Artist Brains are structurally different when compared with non-artists…
In a study, published in NeuroImage, participants’ brain scans revealed that artists had increased neural matter in areas relating to fine motor movements and visual imagery.
This research, in brief, suggests that an artist’s talent could be innate.
But training and environmental upbringing also play crucial roles in their ability, the authors reported.
As in many areas of science, the exact interplay of nature and nurture remains unclear.
Could artists simply SEE the world differently?
Lead author of yet another study, Rebecca Chamberlain from KU Leuven, Belgium, said she was interested in finding out how artists saw the world differently.
“The people who are better at drawing really seem to have more developed structures in regions of the brain that control for fine motor performance and what we call procedural memory,” she explained.
In their small study, researchers peered into the brains of 21 art students and compared them to 23 non-artists using a scanning method called voxel-based morphometry.
These detailed scans revealed that the artist group had significantly more grey matter in an area of the brain called the precuneus in the parietal lobe.
“This region is involved in a range of functions but potentially in things that could be linked to creativity, like visual imagery – being able to manipulate visual images in your brain, combine them and deconstruct them,” Dr Chamberlain told the BBC’s Inside Science Program.
So what is the reason for this huge difference between accomplished artists and novices/non-artists?
1 – Artist Brains Structure
According to various research studies, the difference literally lies in the structure and functioning of the brain. A study published in the journal NeuroImage looked at differences in the brains of 44 graduate and postgraduate art and non-art students who were asked to complete various drawing tasks.
Brain scans of these students were obtained and subjected to an analysis called voxel-based morphometry, which assesses the volume of grey and white matter in brain regions that are thought to be functional in those tasks. The scores obtained by students on the drawing tasks were then correlated with the regional grey and white matter volume in cortical and subcortical structures.
These results mean that brain areas of artists that are involved and crucial in skilled performance related to drawing are more enhanced than those same areas of non-artists.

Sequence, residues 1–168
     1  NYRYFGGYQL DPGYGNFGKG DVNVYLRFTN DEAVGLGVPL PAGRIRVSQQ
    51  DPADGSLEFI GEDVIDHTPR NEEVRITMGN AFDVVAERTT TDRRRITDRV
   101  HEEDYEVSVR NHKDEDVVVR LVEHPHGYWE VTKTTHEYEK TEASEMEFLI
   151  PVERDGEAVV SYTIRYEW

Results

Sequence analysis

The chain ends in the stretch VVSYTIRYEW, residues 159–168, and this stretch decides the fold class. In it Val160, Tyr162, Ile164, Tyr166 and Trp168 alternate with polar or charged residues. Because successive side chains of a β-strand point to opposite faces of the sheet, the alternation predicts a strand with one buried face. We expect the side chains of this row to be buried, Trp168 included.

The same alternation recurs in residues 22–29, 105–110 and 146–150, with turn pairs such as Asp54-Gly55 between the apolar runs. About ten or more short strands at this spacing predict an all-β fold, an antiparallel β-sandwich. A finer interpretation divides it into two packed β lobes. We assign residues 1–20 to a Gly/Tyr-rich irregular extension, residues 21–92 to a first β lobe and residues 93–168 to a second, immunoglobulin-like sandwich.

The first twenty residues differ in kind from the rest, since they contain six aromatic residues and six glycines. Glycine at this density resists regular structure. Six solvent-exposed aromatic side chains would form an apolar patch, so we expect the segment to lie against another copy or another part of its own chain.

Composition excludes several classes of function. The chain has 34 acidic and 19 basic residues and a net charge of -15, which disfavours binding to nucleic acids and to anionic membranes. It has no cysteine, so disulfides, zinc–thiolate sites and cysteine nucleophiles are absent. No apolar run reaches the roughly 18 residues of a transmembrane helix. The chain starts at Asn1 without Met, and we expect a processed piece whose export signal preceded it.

2 – YES: Artists Do View the World Differently
Art professors have long maintained that training students to see the world in a different way is critical to their development as an artist. Contrary to common belief, our visual system does not actually see objects, but rather shadows, contours, edges and other surface features that help us infer the identity of objects. Artists know this either intuitively or through training.
In a study published in the journal Perception, scientists tried to see where in the visual field artists and non-artists focus their gaze to comprehend what is being seen by using an eye tracker. In scientific terms, they tried to see whether there is a difference in the visual scan paths between artists and non-artists. In another session, both the groups again looked at pictures with the goal of remembering them later.
The results showed that when passively viewing images, artists’ eyes tended to scan the whole picture, including apparently empty expanses of ocean or sky, while non-artists focused in on objects, especially people. Non-artists spent about 40 percent of the time looking at objects, while artists focused on them only 20 percent of the time.
The results clearly suggest that non-artists were busy converting pictures into concepts, while artists were busy looking at contours and shadows. However, in the second phase, when they were explicitly instructed to remember pictures, artists could shift their scanning strategy and scan patterns to be more similar to non-artists. Even when imitating the scan path of a non-artist, artists were still able to recall more details than non-artists.
When common people draw, they try to draw an object, which is why it looks nothing like the one they see. Artists instead focus on the whole visual field and place the shadows and surfaces on the paper, along with the “subject”. The end result is a much more life-like picture. Fortunately, this paints an optimistic picture for novices, since one can develop this ability with sufficient awareness and training.
Essentially, all this research tells us that having an ‘artistic point of view’ is not a myth after all!
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